About the workshop
‘Imposter Syndrome’ affects us all – and is particularly common in academia and research, where expectations of achievement are high.
If you have ever doubted your ability, or thought "I just got lucky this time", “I worry that others will discover how little I know” or “I only got that opportunity because people were being kind to me”, this is an indication that you have experienced imposter syndrome.
The imposter ‘voice’ is one of many that come from our ‘inner critic’. It presents itself as a feeling of inadequacy that persists even in the face of evidence that the opposite is true. It is frequently experienced, often by high-performing people, as a feeling of self-doubt and intellectual fraudulence.
The good news is that it is completely normal, and sometimes even useful! The bad news is that it may result in you missing out on opportunities or creating the wrong impression with others.
In this workshop we will look at where the imposter syndrome comes from and think more widely about how to tame your inner critic – where else does it show up or limit your confidence or proactivity?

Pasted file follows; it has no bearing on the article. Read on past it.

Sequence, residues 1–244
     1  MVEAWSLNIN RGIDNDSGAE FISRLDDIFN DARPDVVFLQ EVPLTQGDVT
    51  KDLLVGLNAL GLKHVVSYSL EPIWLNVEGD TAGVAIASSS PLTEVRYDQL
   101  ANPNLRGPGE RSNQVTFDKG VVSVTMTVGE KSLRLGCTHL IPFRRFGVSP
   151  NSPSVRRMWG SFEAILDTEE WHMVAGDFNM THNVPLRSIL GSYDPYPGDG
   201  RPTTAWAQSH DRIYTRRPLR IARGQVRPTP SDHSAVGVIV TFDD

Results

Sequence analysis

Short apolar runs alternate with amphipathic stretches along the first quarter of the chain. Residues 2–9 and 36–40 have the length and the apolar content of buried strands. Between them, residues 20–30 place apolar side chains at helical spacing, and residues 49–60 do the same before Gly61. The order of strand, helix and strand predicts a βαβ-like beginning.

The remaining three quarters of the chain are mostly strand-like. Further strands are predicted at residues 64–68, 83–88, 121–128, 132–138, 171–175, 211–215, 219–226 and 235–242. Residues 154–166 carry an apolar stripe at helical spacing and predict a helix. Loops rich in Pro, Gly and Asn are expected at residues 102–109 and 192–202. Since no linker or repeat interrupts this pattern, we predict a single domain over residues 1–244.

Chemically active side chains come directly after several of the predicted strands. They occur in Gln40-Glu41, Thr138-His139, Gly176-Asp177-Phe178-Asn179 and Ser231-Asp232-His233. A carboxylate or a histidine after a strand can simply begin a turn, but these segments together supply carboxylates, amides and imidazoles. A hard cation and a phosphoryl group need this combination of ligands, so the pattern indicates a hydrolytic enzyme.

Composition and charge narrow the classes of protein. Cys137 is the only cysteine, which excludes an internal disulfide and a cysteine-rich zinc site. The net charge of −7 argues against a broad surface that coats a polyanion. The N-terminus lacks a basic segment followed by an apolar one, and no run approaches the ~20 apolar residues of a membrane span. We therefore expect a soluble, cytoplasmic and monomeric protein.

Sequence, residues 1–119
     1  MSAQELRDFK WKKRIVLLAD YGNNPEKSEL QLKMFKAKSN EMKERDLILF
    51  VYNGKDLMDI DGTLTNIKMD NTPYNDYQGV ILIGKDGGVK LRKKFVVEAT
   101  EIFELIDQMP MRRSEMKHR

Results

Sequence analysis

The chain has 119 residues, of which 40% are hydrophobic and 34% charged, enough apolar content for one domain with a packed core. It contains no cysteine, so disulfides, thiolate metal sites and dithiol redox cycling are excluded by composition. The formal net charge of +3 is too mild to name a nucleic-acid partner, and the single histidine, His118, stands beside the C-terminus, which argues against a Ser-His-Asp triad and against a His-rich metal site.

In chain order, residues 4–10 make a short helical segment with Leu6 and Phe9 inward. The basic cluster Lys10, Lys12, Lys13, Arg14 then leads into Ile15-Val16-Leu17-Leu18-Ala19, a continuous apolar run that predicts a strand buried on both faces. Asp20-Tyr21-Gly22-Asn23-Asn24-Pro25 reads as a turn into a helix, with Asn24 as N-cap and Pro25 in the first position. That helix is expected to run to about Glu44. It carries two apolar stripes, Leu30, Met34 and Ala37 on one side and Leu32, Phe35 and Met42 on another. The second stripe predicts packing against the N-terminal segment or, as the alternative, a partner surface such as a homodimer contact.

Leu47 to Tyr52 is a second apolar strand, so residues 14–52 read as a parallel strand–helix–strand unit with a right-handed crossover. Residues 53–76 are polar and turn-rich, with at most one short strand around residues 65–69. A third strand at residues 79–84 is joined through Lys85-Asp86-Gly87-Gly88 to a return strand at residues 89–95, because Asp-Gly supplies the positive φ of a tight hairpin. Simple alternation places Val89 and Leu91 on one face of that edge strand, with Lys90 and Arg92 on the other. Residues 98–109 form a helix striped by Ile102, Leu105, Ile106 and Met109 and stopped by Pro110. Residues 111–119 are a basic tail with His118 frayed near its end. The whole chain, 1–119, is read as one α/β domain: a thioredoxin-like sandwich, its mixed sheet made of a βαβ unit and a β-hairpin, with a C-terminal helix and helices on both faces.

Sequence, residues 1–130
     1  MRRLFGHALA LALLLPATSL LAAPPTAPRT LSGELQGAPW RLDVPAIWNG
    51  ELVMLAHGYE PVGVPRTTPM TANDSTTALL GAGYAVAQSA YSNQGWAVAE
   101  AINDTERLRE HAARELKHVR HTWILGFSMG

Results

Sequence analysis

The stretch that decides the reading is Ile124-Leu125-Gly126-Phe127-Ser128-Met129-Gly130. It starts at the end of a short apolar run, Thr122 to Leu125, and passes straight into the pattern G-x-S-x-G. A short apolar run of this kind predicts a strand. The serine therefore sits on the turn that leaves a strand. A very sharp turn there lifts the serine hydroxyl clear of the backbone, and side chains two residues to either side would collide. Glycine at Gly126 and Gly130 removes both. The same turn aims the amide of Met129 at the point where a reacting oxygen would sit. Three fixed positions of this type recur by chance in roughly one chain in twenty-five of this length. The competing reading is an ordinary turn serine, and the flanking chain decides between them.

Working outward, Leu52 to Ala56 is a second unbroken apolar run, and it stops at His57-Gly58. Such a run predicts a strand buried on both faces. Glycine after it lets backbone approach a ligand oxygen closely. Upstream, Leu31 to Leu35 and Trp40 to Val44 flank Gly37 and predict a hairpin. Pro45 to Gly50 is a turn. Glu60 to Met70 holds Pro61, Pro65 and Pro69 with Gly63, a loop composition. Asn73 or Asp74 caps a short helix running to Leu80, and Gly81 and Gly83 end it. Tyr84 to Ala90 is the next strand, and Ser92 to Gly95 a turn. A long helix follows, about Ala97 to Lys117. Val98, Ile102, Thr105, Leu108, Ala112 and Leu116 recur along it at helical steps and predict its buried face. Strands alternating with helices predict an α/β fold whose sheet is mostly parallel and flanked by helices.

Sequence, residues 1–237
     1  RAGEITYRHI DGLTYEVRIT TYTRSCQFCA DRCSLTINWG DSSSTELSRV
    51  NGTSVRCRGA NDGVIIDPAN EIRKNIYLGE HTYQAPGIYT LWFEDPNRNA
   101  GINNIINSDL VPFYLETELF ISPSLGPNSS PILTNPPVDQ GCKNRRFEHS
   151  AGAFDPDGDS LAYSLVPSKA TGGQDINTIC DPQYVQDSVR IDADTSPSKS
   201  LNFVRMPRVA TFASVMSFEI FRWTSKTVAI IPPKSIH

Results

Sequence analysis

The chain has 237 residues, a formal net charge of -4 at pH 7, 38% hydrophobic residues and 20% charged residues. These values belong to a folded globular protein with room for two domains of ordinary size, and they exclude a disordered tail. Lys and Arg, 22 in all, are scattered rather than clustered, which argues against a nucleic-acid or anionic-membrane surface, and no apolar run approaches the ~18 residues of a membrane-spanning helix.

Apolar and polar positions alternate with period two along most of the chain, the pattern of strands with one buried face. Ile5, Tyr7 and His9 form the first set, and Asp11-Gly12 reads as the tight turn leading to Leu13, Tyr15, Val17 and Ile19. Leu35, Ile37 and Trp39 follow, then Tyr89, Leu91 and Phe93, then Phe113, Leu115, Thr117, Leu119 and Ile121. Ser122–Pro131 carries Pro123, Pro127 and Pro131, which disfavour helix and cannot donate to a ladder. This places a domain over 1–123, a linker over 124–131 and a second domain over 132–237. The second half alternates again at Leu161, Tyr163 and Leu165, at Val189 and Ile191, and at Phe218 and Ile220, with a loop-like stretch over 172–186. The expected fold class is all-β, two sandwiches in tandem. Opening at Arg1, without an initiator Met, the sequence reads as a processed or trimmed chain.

During the session you will:
- understand what imposter syndrome is, where it comes from and when it occurs
- reflect more widely on where and how your inner critic might limit your progress
- try out some approaches for dealing with the inner critic and imposter syndrome
Book a place
If you book a place you are required to attend the whole of the session. If you are unable to commit to this, please cancel your place in plenty of time and let another student attend. Please arrive promptly to the session and remember to sign the attendance sheet.
Tracey Stead (Tracey Stead Development)
Who should attend